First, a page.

Testosterone Quick Start Bookings
Testosterone for Women
Testosterone is a female hormone which is produced in the ovaries and adrenal glands. Testosterone plays a significant role in sexual function and can also improve self esteem, energy, mood and emotions with its application in women (Source: Lawley 2020). It also helps maintain muscle and bone strength.
The National Institute for Health and Care Excellence (NICE) guidelines support prescribing of testosterone in women with low libido (sex drive) if HRT alone is not helping.
Testosterone replacement can be applied as a cream or transdermal gel (through the skin into the blood). Prescribing testosterone within the the NHS is classified as ‘off licence’ as Testogel and Testim are both male formula which have been adapted for use with women. It comes in 50mg sachets (women need a 1/10 of this dose) therefore it can be fiddly and inexact to apply via this regimen.
The female formula we prescribe comes in a tube with an applicator, which makes it easy to apply a more accurate dose. The tube lasts 100 days. Androfeme (female testosterone formula) is made and licensed in Australia for women. It cannot be prescribed by the NHS but can be prescribed privately. It is imported under MHRA permit for unmet clinical need.
We find in clinical practice when checking our patients symptom checker survey scores, that some women report their symptoms have improved with the addition of testosterone to their HRT regime. Anecdotally some women find it is the missing piece of the puzzle. Equally, for some women, they may do a six-month trial and find no benefit and therefore stop taking testosterone.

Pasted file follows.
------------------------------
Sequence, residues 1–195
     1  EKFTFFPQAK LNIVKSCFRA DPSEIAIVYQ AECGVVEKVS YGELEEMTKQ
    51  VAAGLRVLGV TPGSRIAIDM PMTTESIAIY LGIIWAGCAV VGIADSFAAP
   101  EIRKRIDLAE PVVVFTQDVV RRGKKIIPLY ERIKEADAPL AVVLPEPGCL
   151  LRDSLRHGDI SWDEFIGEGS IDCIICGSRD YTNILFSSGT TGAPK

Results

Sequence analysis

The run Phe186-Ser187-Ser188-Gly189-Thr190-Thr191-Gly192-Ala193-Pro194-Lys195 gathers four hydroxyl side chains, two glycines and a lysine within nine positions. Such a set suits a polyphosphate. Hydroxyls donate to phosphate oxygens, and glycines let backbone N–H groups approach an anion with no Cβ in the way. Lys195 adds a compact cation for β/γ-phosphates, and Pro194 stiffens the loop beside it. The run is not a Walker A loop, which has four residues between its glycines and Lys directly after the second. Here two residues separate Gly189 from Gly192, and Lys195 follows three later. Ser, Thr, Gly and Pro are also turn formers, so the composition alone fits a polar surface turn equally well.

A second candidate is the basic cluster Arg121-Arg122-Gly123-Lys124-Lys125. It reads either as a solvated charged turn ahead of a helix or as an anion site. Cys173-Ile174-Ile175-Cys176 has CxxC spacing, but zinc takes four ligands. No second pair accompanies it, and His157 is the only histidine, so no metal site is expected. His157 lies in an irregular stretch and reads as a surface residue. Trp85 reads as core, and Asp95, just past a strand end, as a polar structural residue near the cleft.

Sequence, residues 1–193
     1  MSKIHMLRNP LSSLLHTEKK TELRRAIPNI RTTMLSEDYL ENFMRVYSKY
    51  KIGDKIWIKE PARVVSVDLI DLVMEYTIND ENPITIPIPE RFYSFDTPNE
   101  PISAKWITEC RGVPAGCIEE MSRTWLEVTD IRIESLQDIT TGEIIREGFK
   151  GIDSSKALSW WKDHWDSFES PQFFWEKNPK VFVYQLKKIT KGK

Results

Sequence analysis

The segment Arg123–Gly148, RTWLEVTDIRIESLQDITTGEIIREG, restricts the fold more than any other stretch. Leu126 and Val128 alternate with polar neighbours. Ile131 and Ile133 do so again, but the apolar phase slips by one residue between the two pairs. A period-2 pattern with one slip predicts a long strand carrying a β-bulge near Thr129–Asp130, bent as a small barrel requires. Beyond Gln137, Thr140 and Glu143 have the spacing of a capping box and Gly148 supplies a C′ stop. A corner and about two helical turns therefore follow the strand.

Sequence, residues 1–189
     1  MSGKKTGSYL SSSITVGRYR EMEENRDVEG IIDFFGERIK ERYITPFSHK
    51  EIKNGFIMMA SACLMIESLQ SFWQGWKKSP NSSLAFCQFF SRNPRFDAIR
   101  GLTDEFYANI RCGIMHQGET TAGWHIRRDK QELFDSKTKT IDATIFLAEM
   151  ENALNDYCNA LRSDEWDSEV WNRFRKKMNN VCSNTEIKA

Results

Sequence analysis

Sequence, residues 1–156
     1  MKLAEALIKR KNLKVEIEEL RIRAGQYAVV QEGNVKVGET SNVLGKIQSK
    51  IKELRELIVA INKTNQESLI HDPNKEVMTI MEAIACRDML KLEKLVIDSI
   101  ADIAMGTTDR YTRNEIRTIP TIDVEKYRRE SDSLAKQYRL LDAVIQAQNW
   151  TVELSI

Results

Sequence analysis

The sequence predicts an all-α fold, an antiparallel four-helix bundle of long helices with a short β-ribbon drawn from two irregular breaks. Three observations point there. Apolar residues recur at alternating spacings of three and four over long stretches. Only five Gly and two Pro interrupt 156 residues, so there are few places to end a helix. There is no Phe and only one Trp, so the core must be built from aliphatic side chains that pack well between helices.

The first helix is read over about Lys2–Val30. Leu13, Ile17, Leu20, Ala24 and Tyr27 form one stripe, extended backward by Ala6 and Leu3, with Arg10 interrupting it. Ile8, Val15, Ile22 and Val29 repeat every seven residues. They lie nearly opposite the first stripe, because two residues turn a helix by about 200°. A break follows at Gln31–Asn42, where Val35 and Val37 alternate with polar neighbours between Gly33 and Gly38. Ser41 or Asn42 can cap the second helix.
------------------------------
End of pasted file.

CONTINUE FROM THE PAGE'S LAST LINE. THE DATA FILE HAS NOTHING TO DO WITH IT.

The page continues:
Women who have had a surgically induced menopause (removal of uterus and ovaries) will experience a sudden drop in all hormone levels, including testosterone, so could be more sensitive to changes in testosterone levels. Also women with premature ovarian insufficiency may notice the symptoms of testosterone deficiency more acutely.
Baseline blood tests should be taken prior to starting testosterone replacement treatment to register their baseline, then again in three months to maintain the physiological concentration for women. Follow-up reviews for repeat prescriptions will be conducted with blood tests (testosterone and SHBG) after month three and six of treatment. It is important that monitoring continues every 6 – 12 months to ensure that levels remain within the female physiological range. Total testosterone and sex hormone binding globulin (SHBG) together can be used to calculate free androgen index.
Pharmaceutical testosterone is produced using soya or wild yam substrates.
This appointment is only suitable for women currently taking hormone replacement therapy.
If you are not on HRT already please book an appointment here: Booking & fees.